Coordinating Channels for Durable Goods: The Impact of Competing Secondary Markets

31 Pages Posted: 5 May 2002

See all articles by Preyas S. Desai

Preyas S. Desai

Duke University - Fuqua School of Business

Oded Koenigsberg

London Business School - Department of Marketing

Debu Purohit

Duke University - Fuqua School of Business

Date Written: August 23, 2001

Abstract

A large literature in economics and marketing studies the problem of manufacturer's designing contracts that give a retailer appropriate incentives to make decisions that are optimal from the manufacturer's point of view (see, for example, Spengler 1950, Jeuland and Shugan 1983, McGuire and Staelin 1983, Lal 1990, Rao and Srinivasan 1995, Desai 1997, among others). An important result from this literature is that the manufacturer can coordinate retail price decisions by choosing a two-part tariff in which the wholesale price equals the manufacturer's marginal cost and the fixed fee extracts all the rents from the retailer. In other words, the manufacturer sells the firm to the retailer for the fixed fee and, thus, eliminates the double-marginalization problem.

Although this result is well established for non-durables, researchers have not analyzed the coordination issue for durable goods manufacturers who have the added complexity of competition from used goods in secondary markets. In this paper, we show how the coordination problem for a durable goods manufacturer is fundamentally different from the traditional coordination problem of a non-durables manufacturer. In particular, the durable goods manufacturer has to solve not only the coordination problem but also the time-consistency problem (see, for example, Coase 1972, Bulow 1982, Purohit 1995). Our objectives in this paper are to investigate whether or not the insights from the channel coordination literature, that has developed principally with non-durable goods in mind, are also applicable to durable goods. In order to do this, we develop a dynamic, two-period model in which a manufacturer sells its products to a retailer who sells the product to consumers. Products sold in the first period become used goods in the second period and compete with sales of new units. Starting from consumer utilities, we derive inverse demand functions for new and used goods and consider a number of different contracts between the manufacturer and the retailer.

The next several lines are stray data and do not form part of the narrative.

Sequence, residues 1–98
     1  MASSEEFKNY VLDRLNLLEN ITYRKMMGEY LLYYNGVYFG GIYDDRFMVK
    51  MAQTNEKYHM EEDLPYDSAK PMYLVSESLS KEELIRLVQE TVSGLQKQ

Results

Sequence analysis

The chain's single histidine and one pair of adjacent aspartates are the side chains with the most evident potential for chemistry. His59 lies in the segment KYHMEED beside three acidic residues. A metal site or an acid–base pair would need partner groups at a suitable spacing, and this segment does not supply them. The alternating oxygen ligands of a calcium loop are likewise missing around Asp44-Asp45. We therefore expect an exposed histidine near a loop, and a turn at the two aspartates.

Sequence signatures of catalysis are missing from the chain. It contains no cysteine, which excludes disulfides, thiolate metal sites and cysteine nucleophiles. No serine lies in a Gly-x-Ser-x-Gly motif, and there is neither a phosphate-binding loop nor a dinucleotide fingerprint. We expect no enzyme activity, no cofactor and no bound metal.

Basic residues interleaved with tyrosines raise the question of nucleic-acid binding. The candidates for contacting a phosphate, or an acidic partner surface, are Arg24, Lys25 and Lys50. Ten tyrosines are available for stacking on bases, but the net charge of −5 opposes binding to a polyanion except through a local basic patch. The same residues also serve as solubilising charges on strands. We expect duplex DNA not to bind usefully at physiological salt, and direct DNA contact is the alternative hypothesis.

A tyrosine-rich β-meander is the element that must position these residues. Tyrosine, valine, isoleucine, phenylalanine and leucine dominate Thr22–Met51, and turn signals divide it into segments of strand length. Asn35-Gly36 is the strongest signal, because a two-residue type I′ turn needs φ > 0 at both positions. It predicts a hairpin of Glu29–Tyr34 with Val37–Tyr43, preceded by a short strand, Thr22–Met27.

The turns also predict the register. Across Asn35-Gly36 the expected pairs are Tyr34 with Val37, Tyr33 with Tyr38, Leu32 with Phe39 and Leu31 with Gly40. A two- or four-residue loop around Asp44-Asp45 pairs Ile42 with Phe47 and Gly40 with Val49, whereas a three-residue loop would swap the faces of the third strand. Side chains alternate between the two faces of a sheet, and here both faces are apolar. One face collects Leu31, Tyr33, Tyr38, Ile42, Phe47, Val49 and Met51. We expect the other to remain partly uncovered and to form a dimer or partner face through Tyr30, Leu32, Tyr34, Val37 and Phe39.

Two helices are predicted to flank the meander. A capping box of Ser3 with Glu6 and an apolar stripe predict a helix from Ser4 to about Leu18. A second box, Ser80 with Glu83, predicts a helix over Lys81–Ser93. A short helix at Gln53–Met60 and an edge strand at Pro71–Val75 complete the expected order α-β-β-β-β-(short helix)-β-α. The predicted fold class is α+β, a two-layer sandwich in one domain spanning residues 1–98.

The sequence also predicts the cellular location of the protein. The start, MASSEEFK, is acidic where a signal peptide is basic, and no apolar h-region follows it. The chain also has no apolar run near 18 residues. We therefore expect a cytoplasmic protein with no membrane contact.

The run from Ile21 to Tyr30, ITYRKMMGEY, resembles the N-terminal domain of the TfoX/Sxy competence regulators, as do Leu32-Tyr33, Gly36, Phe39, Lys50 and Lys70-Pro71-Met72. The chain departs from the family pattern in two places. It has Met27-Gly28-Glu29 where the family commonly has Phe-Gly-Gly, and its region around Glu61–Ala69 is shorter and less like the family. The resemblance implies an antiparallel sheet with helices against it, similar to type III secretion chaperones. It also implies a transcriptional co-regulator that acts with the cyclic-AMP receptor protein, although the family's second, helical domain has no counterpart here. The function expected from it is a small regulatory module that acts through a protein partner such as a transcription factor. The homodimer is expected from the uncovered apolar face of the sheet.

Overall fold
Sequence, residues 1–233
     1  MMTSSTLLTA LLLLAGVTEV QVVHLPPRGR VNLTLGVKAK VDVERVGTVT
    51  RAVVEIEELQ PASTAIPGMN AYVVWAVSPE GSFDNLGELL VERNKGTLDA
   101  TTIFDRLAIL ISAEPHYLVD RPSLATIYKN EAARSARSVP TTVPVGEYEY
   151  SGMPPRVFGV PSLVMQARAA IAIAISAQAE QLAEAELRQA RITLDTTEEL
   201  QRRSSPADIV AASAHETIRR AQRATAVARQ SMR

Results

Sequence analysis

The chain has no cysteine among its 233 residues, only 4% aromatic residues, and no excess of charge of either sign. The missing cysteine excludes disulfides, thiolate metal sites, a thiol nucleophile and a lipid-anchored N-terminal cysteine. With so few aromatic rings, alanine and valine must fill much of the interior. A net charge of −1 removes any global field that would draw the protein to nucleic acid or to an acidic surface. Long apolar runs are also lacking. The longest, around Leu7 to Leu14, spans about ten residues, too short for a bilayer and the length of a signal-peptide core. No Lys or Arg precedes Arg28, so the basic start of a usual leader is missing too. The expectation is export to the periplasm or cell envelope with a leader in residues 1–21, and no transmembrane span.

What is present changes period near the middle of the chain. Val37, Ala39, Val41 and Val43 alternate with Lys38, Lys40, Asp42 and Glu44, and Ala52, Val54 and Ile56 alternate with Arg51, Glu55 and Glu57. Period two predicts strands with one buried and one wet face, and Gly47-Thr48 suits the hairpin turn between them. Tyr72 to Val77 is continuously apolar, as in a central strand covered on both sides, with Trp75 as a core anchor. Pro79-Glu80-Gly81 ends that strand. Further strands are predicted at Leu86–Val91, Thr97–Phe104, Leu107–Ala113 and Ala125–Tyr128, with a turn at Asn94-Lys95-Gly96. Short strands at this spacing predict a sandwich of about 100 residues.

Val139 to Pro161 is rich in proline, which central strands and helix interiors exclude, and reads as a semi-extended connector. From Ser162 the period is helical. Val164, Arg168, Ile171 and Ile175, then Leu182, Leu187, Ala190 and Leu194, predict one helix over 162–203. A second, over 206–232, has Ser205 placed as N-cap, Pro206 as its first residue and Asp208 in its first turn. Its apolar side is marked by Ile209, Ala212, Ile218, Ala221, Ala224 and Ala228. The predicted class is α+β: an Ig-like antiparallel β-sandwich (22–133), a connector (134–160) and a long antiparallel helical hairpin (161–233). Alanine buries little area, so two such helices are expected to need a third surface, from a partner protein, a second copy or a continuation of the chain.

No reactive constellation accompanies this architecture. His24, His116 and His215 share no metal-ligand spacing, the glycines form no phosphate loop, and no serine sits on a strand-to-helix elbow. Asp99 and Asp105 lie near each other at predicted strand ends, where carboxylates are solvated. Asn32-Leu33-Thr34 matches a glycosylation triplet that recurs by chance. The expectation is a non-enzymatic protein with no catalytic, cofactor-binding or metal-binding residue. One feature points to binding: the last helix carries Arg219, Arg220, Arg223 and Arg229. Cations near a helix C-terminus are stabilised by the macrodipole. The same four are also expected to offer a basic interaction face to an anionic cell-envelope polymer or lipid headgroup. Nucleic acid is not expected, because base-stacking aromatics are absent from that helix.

We start with a simple contract in which the manufacturer offers a wholesale price for a period at the beginning of that period. As one would expect, this contract does not solve either the channel coordination problem or the time-consistency problem. We then consider a number of two-part tariff contracts. Given the well-established results from the existing channel coordination literature, we begin with a contract in which the manufacturer offers per-period two-part tariffs in which all wholesale prices are set at marginal cost. We find that not only does this contract fail to achieve channel coordination, but the retailer sells a higher quantity than an integrated manufacturer would sell. This is in contrast to the traditional double marginalization problem in which the retailer sells a lower quantity than an integrated manufacturer would sell.